MMT 4: Sectoral Accounting

July 6, 2018

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This is the fourth in a series of posts about Modern Monetary Theory, based on the text by Mitchell, Wray and Watts. If you have not seen the earlier posts, I recommend that you start at the beginning.

“The family that pays together…”

During my college years, I used to look forward to seeing my hometown girlfriend when I came home at Christmastime. I’ll call her “Thelma” to protect her privacy in case she’s still trying to live down her association with me. One time when I was in her family’s kitchen, I noticed a posted sheet of paper that recorded all the borrowing and lending that had been going on among the children, probably related to Christmas shopping. So Thelma might have lent her brother Sam $5 when he was short of cash, and on other occasions Sam might have lent money to Dave, and  later he might have lent money to Thelma, and so it went. After Christmas, I imagine they totaled up all the debits and credits to see where everybody stood. My contribution was to write at the bottom of the sheet, “The family that pays together stays together,” much to the parents’ delight.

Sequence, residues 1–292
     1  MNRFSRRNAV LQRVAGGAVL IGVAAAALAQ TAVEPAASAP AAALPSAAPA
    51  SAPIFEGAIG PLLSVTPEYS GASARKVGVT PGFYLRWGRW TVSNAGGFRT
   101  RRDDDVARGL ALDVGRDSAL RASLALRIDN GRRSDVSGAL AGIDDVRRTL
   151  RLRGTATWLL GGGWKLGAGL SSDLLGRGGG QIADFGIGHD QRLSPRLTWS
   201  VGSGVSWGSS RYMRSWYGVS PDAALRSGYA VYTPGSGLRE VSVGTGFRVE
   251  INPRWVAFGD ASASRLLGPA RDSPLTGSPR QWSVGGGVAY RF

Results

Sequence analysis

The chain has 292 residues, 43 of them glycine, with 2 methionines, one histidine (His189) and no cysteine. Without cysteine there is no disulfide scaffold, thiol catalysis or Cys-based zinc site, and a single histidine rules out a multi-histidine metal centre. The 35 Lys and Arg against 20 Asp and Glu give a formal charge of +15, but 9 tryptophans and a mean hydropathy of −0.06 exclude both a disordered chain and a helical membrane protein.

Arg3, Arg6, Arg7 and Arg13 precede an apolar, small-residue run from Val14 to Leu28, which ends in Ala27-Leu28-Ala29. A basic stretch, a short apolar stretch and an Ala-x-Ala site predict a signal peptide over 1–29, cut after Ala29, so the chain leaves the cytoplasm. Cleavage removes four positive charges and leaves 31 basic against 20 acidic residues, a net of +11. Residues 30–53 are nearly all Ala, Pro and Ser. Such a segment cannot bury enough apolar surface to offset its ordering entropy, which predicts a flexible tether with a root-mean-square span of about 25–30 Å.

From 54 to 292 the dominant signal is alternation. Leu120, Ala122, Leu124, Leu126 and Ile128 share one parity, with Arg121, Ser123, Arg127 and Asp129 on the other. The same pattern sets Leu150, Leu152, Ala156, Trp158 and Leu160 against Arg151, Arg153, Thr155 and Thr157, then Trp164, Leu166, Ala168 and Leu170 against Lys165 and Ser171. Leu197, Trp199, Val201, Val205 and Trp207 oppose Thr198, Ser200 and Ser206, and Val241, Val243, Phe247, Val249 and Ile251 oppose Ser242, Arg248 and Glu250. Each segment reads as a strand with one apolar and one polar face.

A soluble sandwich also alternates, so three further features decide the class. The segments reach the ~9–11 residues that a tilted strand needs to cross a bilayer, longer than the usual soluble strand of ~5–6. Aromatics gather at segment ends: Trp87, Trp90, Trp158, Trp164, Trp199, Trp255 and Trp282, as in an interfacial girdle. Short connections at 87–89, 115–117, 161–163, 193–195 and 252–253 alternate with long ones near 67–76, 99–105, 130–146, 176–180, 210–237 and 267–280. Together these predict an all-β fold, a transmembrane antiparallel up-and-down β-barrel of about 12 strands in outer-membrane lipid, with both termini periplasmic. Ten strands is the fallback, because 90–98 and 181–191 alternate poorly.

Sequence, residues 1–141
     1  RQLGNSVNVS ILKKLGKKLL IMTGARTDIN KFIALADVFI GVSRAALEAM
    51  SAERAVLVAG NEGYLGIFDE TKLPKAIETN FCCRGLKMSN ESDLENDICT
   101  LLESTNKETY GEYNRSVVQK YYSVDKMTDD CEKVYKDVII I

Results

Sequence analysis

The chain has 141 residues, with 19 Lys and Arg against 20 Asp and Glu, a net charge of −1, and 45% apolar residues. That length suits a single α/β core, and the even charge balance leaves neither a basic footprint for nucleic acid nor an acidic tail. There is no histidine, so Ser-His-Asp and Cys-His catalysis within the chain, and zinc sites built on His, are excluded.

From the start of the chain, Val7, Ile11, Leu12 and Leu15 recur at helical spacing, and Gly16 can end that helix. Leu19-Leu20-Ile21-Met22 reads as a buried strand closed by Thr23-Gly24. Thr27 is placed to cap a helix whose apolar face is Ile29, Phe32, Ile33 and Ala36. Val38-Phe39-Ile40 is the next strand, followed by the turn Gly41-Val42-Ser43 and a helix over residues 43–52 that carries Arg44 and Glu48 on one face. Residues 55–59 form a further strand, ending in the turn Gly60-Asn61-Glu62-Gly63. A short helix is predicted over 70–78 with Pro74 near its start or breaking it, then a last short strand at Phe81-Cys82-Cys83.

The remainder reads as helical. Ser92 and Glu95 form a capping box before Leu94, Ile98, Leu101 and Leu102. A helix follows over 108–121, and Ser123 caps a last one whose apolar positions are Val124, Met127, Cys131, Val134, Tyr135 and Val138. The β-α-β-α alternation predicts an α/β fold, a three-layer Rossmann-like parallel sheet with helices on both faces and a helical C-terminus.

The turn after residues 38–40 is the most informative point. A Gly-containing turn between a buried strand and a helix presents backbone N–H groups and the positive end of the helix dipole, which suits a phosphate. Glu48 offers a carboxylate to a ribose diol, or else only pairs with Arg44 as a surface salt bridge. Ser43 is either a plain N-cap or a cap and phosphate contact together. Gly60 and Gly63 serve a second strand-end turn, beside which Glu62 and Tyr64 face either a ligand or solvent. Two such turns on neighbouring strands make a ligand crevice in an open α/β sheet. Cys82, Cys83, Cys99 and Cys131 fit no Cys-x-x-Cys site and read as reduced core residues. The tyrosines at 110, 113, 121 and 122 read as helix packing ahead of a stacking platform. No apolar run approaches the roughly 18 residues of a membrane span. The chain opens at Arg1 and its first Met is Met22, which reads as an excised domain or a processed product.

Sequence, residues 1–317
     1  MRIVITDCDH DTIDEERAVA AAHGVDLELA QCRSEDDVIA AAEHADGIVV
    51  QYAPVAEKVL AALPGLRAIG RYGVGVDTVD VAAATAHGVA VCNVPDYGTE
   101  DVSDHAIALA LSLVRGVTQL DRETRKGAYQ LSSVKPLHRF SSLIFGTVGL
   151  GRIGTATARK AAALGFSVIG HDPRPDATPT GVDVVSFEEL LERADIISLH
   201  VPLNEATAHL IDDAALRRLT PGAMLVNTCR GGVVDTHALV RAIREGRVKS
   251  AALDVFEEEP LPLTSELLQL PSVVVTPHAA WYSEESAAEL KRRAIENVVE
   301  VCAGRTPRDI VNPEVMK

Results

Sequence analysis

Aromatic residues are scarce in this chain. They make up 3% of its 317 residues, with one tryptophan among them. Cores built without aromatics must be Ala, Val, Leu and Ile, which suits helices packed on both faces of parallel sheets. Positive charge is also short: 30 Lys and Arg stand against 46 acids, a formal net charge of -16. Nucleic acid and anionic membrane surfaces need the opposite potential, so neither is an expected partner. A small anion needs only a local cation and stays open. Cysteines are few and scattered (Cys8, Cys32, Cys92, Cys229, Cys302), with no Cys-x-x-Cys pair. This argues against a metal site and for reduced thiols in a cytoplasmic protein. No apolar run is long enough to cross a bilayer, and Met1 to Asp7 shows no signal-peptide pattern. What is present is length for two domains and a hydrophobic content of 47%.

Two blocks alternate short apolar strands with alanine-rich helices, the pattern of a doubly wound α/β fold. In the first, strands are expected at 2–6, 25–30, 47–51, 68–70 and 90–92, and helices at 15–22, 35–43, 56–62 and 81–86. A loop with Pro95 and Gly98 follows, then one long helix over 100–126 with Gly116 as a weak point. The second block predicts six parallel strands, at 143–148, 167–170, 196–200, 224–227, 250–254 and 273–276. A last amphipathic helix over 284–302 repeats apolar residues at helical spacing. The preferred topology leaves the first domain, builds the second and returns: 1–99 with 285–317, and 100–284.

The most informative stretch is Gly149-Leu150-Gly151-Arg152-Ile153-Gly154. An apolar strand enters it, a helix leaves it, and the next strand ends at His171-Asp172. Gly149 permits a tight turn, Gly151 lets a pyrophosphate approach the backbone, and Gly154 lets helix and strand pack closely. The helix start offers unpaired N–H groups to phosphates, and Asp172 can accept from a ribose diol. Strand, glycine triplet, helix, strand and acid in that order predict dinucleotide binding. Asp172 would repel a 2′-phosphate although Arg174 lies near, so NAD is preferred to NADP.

Let’s suppose that when we balance it all out, Thrifty Thelma has lent $100 more than she borrowed, Sam has come out even, and Deadbeat Dave has borrowed $100 more than he lent. So the financial balances are:

Thelma +100, Sam 0, Dave -100

Every debt creates an asset for someone and a liability for someone else, so the balances have to add to zero.

Oh, I left something out. Thelma’s Chinese friend Meili had a yard sale, at which Thelma bought $140 worth of stuff. She was short of cash because of all the Christmas shopping, so she gave Meili an I.O.U. for the debt. That changed Thelma’s balance from +100 to -40. If we include Meili in the accounting, we now get:

Thelma -40, Sam 0, Dave -100, Meili 140

Notice that not only do the balances add to zero, but the sum of the balances inside the family (-140) must offset Meili’s external balance (140).